Grounds for Divorce in Arizona
Are you looking to dissolve a marriage in Arizona? Our Arizona family law firm can help to guide you through what can be a confusing and tumultuous time in your life. In Arizona, you have a few options in dissolving your marriage. Here, we will discuss some of the legal grounds for divorce in the state of Arizona.
What Are Grounds for Divorce?
What is the meaning of “grounds for divorce?” In short, you must have legal reasons for the court to accept your petition requesting a divorce. Every state has different legal grounds for divorce. Arizona only requires couples to show the court that a marriage has suffered an irretrievable breakdown that cannot be fixed by either spouse. Unless a spouse can convince a judge that both parties want to remain married, a judge in Arizona will grant a request for divorce.
Fault Grounds for Divorce in Arizona
Only a few states still allow a “fault” divorce, i.e., a divorce in which one spouse can allege specific grounds as a reason for divorce. Arizona only allows fault-based divorce if a couple has a legally binding covenant marriage. Covenant marriages are only permitted in Arizona, Louisiana and Arkansas. In a covenant marriage, both spouses participate in premarital counseling, decide how they will deal with a divorce at the time of applying for marriage license, and agree to attend pre-divorce counseling.
If you can show a judge in Arizona that you have a valid covenant marriage, that judge will only grant a divorce if the spouse who files for divorce can prove one of these fault-based grounds for divorce:
- The spouse at fault committed adultery during the marriage
- The spouse at fault committed a felony and was sentenced to death or imprisonment
- Either spouse abandoned the marital home for at least a year before one spouse filed for divorce
- The spouse at fault physically or sexually abused the petitioning spouse, a child, or a relative
- The spouse at fault abused alcohol or drugs on a regular basis
If Both Spouses Agree to Divorce in Arizona
If both spouses agree that they want to divorce in Arizona, and agree on major legal issues, this is called an uncontested divorce. This type of divorce does not require a trial and saves everyone time and money. Both spouses must agree that the marriage is irretrievably broken and must produce a mutual settlement agreement to the court explaining how marital property and debt will be divided. If the marriage has produced children, the court must also be presented with custody arrangements, visitation time, and child support conditions.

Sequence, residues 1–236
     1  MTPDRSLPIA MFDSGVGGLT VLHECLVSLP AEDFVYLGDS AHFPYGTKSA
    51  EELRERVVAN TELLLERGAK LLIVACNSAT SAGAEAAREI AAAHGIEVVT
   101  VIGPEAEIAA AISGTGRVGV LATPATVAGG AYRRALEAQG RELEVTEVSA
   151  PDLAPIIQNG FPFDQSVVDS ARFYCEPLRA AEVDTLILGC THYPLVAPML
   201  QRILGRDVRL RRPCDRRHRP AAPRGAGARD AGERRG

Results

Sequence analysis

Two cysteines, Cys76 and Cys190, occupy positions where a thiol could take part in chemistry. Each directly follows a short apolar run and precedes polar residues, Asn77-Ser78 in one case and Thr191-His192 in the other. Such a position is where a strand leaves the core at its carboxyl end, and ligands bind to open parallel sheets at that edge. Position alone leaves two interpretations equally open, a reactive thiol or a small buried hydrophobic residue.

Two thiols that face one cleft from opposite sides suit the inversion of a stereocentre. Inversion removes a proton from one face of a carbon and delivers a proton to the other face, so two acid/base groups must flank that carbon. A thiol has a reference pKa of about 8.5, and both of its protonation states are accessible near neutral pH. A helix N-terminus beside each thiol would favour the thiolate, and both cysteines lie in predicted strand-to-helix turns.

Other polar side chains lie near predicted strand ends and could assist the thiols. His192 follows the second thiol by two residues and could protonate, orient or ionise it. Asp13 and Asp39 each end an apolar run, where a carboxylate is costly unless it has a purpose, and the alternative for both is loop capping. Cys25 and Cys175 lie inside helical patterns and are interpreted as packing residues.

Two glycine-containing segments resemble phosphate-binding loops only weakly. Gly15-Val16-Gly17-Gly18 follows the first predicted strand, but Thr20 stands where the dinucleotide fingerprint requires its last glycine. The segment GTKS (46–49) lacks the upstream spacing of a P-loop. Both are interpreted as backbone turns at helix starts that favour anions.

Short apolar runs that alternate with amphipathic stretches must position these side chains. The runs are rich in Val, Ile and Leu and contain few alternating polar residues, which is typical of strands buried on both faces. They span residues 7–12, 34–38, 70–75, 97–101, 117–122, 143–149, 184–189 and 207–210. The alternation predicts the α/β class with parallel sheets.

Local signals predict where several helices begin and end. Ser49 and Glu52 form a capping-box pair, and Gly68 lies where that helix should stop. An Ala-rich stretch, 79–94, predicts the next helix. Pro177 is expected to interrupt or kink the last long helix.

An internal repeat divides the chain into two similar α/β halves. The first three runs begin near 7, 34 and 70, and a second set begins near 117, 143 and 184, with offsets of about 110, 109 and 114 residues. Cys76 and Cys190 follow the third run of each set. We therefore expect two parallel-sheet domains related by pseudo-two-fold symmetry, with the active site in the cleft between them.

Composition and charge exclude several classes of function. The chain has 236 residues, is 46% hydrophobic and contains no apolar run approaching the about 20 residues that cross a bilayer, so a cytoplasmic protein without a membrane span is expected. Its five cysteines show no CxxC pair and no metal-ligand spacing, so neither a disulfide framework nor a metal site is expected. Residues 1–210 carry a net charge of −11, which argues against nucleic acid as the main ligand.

Both spouses must agree on every issue in an uncontested divorce. If one spouse disagrees on anything during this process, the court will change the uncontested divorce to a contested divorce, requiring a long divorce trial where the judge decides major issues. This will cost both sides more time and money.
How Long Must I Reside in Arizona to File for Divorce There?
At least one spouse must have lived in Arizona for a minimum of 90 days before filing for divorce, under Arizona’s residency requirement. There is also a 60-day waiting period from the time you file for divorce to the time when the judge approves the divorce.
What Happens Once a Divorce is Granted in Arizona?
After the judge confirms the final terms of a divorce, a signed Decree will be issued. The Decree will deal with child custody and support, alimony payments, division of marital debt and assets, each spouse’s responsibility for attorney’s fees, and any name changes. This document is important, as it must be produced when refinancing mortgages or purchasing other assets in the future.
Contact our Arizona Family Law Firm today if you are contemplating ending a marriage. We can help you to navigate the court system and receive the best outcome in your divorce case.